San Francisco Maritime Labor History Comes Alive With Living History Reenactments At Hyde Street Pier 2014

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Living History players dressed in 1901-era clothing waking on the pier carrying signs.

Living History players on Hyde Street Pier reenacting the 1901 San Francisco waterfront strike

Date: March 10, 2014
Contact: , 415-561-7006

On Saturday, July 12, 2014, on Hyde Street Pier from 12-4pm, San Francisco Maritime National Historical Park presents an afternoon of costumed living history depicting events during the 1901 San Francisco waterfront strike. 

From July 13 to October 2, 1901, San Francisco’s waterfront was shut down by sailors, teamsters, and longshoremen striking for better pay and working conditions. Experience the sights and sounds of San Francisco history through a Living History reenactment. Hear impassioned speeches and voice your own opinion! Take part in a march as strikers implore ships’ crews to join their ranks. Watch as a ship owner and ship’s officer defy the strikers.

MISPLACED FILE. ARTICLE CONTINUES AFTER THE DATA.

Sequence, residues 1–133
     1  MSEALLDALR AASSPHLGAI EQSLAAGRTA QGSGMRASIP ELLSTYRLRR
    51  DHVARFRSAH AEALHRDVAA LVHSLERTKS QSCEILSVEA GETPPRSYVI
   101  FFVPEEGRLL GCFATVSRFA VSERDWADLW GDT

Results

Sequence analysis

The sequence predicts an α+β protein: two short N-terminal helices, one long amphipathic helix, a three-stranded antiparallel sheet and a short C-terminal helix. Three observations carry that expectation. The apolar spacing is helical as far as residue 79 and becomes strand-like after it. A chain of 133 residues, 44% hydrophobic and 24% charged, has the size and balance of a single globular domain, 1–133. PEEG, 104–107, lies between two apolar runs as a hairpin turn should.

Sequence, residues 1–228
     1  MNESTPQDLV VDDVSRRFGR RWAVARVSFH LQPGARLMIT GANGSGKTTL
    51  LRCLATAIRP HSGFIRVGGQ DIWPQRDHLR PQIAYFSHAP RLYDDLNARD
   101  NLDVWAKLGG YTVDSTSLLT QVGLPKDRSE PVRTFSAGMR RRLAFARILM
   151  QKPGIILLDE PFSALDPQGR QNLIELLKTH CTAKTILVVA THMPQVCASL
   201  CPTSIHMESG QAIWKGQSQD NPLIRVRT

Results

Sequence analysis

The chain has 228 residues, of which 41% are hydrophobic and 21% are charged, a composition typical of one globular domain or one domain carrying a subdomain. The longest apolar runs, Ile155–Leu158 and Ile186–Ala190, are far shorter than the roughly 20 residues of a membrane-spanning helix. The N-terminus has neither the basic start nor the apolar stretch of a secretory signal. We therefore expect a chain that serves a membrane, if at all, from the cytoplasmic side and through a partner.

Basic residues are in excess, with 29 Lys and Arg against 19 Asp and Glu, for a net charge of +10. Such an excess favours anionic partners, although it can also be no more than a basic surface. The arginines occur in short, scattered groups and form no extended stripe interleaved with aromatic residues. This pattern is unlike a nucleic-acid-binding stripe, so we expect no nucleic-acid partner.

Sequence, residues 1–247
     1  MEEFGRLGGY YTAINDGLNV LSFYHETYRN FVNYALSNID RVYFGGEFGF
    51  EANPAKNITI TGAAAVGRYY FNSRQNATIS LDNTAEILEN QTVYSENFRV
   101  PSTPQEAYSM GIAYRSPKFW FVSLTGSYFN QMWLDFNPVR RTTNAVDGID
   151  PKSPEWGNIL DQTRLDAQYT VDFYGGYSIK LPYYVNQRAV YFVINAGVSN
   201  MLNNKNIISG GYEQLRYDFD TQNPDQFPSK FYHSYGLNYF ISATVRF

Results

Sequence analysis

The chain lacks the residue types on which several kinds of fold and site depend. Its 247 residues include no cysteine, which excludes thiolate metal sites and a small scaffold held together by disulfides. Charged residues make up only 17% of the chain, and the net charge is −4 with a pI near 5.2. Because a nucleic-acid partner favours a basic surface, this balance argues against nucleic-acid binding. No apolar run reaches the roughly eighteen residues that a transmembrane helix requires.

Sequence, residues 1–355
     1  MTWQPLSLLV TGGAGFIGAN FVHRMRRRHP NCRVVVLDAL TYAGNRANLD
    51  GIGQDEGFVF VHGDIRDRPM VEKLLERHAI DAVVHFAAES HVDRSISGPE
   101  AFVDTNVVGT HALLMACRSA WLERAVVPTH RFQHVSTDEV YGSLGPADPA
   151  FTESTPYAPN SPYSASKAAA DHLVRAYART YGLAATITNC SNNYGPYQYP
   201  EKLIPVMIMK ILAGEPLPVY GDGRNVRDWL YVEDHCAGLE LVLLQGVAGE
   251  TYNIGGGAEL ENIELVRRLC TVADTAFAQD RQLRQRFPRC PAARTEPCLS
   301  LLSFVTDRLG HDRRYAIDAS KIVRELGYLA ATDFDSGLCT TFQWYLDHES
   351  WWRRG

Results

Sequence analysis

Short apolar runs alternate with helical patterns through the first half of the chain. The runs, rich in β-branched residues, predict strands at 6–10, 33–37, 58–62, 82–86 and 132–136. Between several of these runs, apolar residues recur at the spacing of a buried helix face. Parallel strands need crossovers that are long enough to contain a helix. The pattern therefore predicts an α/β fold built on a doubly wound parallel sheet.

The strike reenactment will take place on Hyde Street Pier at 12pm, and repeated at 3pm. Admission to historic ships: adults, $5, ages 15 and under, free. Free with National Park passes. There is no admission charge to walk on Hyde Street Pier. Fees are for boarding historic ships. For more information, please call the park’s Visitor Center: 415-447-5000, or see www.nps.gov/safr/.

San Francisco Maritime National Historical Park is located at the west end of Fisherman’s Wharf, in San Francisco. The park includes a magnificent fleet of historic ships, Maritime Museum, Visitor Center, Aquatic Park Historic District, and library. For more information about the park, or its public programs, please call 415-447-5000, or visit the park’s website at http://www.nps.gov/safr/.

Did You Know?

A white marking painted on the port side of Balclutha with letters and lines.

This "Plimsoll Mark" is painted on the port side of Balclutha and named for Samuel Plimsoll, an Englishman who fought to pass the Merchant Shipping Act of 1876. Before this law, many ships were dangerously overloaded and many sank. These “coffin ships” claimed the lives of many sailors. More...

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